A few months ago, the first exhibition for disabled artist Sarah Biffin opened at a gallery in London. It’s the first exhibition of her work in 100 years. This artist has one fascinating story, which is gaining more recognition even one century later.
Sarah Biffin was born in Somerset, England, in 1784. She was one of five siblings; her father was a farm worker and shoemaker. She was also born without arms or hands due to a rare condition called phocomelia.
Despite her disability, Sarah was determined to find ways to live a normal life and pursue her passions at a young age.
By the time she was only 8 years old, she had taught herself how to thread a needle, sew, and write using only her mouth. As a child, she also developed a love for painting and drawing.
Then, by the time Sarah was a teenager, a showman named Emmanuel Dukes made an offer to her parents to perform as an attraction in his traveling sideshows.
Her parents accepted the offer, and Sarah became a part of Dukes’ company for about 15 years. She was featured in what was essentially a freak show and received poor pay and few benefits.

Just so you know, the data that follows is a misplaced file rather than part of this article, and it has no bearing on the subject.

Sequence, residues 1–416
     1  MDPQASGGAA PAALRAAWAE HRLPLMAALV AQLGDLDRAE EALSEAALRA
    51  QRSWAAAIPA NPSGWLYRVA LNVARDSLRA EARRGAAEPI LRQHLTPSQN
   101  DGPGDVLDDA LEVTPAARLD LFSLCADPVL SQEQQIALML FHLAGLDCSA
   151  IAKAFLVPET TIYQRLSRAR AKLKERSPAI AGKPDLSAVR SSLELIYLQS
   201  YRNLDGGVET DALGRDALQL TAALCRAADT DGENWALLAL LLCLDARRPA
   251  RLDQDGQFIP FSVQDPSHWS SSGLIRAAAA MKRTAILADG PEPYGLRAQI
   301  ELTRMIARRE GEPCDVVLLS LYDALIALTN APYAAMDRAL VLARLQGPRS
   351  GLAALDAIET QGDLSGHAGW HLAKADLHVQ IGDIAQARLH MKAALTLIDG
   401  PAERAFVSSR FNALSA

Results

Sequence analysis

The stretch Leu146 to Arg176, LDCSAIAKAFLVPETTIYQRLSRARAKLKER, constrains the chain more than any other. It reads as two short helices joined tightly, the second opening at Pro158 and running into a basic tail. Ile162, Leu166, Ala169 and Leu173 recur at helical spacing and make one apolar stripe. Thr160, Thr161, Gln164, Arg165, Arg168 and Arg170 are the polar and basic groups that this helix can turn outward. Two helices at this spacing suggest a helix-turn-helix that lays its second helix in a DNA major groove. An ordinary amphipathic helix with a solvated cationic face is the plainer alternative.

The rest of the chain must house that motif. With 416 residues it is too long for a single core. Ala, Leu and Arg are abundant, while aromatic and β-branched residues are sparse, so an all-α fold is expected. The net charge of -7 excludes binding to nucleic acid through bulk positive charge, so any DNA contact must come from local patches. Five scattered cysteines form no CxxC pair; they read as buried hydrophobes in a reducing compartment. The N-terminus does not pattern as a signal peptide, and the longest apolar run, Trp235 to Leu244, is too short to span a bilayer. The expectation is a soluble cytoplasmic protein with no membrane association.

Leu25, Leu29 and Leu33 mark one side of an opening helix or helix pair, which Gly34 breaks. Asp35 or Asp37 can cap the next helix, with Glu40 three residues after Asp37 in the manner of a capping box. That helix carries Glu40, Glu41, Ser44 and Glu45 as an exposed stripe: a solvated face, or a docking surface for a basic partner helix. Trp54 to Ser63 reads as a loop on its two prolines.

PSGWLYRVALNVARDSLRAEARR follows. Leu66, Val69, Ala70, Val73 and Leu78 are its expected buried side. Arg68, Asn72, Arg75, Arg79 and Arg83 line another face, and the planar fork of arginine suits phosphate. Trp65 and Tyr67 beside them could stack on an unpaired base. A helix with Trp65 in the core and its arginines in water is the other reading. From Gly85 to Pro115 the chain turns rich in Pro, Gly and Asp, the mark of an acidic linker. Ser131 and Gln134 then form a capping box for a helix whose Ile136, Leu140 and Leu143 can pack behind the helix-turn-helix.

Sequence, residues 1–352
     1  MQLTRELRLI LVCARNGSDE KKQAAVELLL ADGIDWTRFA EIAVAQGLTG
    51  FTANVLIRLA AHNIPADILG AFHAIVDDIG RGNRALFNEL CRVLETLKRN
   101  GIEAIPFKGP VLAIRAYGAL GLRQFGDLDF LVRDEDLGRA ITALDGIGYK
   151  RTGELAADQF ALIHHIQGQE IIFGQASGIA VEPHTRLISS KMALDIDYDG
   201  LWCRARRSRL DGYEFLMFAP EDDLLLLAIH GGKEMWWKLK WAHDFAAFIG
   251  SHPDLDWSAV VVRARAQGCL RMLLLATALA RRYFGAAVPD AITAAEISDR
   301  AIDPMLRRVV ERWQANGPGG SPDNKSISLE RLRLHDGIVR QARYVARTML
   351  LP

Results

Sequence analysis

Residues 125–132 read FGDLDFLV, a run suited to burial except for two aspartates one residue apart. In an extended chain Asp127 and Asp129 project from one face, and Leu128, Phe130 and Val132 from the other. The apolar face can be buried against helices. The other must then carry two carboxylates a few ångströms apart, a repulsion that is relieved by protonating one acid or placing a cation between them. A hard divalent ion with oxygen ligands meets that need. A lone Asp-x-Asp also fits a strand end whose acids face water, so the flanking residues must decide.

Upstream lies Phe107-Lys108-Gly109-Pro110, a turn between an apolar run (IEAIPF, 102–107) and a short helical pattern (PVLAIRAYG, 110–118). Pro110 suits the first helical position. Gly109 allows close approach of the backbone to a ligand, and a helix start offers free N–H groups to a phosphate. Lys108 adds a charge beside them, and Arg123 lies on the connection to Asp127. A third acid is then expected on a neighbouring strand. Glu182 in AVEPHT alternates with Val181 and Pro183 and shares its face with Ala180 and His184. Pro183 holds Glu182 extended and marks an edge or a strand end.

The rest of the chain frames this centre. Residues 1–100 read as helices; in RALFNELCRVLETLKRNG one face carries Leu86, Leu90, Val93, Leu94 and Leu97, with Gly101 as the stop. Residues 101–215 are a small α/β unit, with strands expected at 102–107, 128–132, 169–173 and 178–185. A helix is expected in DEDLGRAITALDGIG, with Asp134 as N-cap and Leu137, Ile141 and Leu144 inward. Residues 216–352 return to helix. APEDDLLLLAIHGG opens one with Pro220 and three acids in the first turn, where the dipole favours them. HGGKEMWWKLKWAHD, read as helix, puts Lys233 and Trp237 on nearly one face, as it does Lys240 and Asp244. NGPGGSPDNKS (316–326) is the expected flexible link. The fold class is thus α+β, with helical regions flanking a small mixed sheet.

However, Sarah improved tremendously as an artist during her years on the road. She became especially gifted in miniature portraits and landscapes.
In 1808, during one of the fairs she was featured in, her artistry also caught the attention of the Earl of Morton.
He was fascinated with Sarah’s work and paid for a portrait of himself. After every single day that Sarah worked on the portrait, though, he would take the painting home to ensure that it was all Sarah’s work; that no one else had touched it behind the scenes.